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WTC survivor believes Americans need to see what really went on

Officers John McLoughlin, left, and Will Jimeno, right, pose during a reception to recognize the members of the NYC Port Authority police and fire departments who assisted in the filming of
Officers John McLoughlin, left, and Will Jimeno, right, pose during a reception to recognize the members of the NYC Port Authority police and fire departments who assisted in the filming of "World Trade Center." (Associated Press / The Spokesman-Review)
Joyce J. Persico Newhouse News Service

Is it too soon?

Are the wounds of Sept. 11 still too raw for American moviegoers to revisit what happened on that horrific morning in New York City nearly five years ago?

Director Oliver Stone, whose film “World Trade Center” opens Wednesday, doesn’t think so. And neither does John McLoughlin, the 19th of only 20 people pulled live from the rubble of the crumbling building.

McLoughlin, 53, is lucky to be alive. He wears plastic braces on his scarred and disfigured legs. He was pulled from concrete and steel debris that trapped him under the destroyed concourse between the two World Trade Center buildings on Sept. 11.

He and fellow Port Authority Police Department officer William Jimeno were trapped for 22 hours. Now they are reluctant celebrities.

McLoughlin has toured the country with his wife Donna, promoting the film. The wear-and-tear of traveling on his injured legs meant he could do a recent interview only from his hotel room bed.

On permanent disability, he suffers from what he calls “compacting syndrome,” a circulatory problem caused by his lower body being crushed for so many hours.

McLoughlin has had 30 operations, and there are long scars and deep grooves in his legs and thighs. He was in the hospital four months before returning to his Long Island home.

He’s spent each Sept. 11 since then alone with his family, refusing all invitations to public observances. He found out something about himself at a New York Yankees baseball game he attended in a wheelchair in the early days of his recovery – he is now claustrophobic.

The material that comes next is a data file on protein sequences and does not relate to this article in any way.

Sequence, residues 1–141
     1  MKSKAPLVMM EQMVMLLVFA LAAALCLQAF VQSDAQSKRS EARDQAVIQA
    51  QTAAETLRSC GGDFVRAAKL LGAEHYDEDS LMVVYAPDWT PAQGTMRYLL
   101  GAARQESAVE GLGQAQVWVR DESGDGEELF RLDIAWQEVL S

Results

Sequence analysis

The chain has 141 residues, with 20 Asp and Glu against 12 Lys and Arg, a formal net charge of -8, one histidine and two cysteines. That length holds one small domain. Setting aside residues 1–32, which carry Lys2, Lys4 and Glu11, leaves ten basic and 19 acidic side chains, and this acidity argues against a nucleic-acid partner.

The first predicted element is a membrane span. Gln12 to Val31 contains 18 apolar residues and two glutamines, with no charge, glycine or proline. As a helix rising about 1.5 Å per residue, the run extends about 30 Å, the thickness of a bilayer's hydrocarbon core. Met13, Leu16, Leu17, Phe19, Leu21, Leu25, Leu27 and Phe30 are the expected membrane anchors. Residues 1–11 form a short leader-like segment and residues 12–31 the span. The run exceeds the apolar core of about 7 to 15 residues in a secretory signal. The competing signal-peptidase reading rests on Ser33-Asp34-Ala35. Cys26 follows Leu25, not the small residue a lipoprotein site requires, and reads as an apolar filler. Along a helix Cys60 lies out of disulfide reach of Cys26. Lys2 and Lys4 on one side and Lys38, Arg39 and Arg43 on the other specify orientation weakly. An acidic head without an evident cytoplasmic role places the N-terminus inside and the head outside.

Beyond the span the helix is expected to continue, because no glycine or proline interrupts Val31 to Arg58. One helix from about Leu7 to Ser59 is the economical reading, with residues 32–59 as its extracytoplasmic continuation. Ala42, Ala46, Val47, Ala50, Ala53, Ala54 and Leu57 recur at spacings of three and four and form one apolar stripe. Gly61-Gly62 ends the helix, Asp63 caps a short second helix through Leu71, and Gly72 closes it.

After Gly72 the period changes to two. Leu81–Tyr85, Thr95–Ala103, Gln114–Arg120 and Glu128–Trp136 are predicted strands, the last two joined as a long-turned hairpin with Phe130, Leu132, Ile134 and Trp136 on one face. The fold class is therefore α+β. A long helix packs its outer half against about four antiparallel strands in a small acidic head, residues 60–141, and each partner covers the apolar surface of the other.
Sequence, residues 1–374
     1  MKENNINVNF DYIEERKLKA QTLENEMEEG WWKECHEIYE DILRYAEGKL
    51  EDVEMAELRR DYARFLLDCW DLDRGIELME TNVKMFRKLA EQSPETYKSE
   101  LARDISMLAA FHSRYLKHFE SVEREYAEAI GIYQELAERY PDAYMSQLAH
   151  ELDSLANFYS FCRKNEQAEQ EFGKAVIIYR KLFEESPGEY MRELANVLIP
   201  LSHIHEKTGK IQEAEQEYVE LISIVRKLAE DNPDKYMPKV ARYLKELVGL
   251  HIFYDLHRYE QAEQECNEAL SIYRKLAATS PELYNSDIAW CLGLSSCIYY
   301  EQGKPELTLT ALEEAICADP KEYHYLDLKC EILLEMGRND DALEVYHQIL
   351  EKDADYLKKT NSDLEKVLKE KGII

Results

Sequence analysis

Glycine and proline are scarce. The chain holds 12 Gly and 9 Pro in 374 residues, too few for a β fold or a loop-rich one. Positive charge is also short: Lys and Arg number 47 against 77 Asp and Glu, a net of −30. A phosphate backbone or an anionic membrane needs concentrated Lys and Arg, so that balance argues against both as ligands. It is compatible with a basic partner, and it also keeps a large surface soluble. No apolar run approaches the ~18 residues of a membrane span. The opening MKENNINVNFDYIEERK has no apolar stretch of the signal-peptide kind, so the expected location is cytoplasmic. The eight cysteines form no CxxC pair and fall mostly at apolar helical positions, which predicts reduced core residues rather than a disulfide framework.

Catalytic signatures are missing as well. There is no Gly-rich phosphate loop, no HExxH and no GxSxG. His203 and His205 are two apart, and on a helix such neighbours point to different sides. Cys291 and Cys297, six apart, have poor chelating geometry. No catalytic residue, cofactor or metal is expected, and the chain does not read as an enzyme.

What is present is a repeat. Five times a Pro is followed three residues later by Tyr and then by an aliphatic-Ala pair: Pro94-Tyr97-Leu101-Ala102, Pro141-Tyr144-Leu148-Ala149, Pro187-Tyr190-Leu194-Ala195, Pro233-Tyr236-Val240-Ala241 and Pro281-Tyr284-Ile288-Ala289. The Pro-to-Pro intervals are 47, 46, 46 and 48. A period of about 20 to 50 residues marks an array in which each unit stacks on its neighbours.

“I went to get an MRI and I freaked out,” he recalls. “I’ve had MRIs before and that never happened.”

McLoughlin’s spirituality also has been affected by his ordeal.

“I’ve never been overly religious. I was raised Catholic, but I just live my life as a good person,” he says. “But I believe something, some divine intervention happened for them to get us out of there.”

McLoughlin says he doesn’t miss his job or the long commute from his home in Goshen, N.Y., to the Port Authority. He no longer has to worry about getting a day off to see one of his kids’ soccer games. He likes being around his wife and their four children, who range in age from 9 to 20.

These days, he says he “tries not to take the small stuff in life for granted. I appreciate what I have.”

He says he’s not interested in the celebrity that comes with his characterization in Stone’s film.

“I’m not here to promote the movie, but to make people understand what went on,” McLoughlin explains. “This is not made up.”

As for whether it’s too soon to see the day re-created on film, he says, “It’s an individual decision. Some people will never be comfortable to see this as an historic event.

“But I think it’s important for first responders to inform people while it’s still fresh in our minds, while we have a vivid and clear recollection of that day.”

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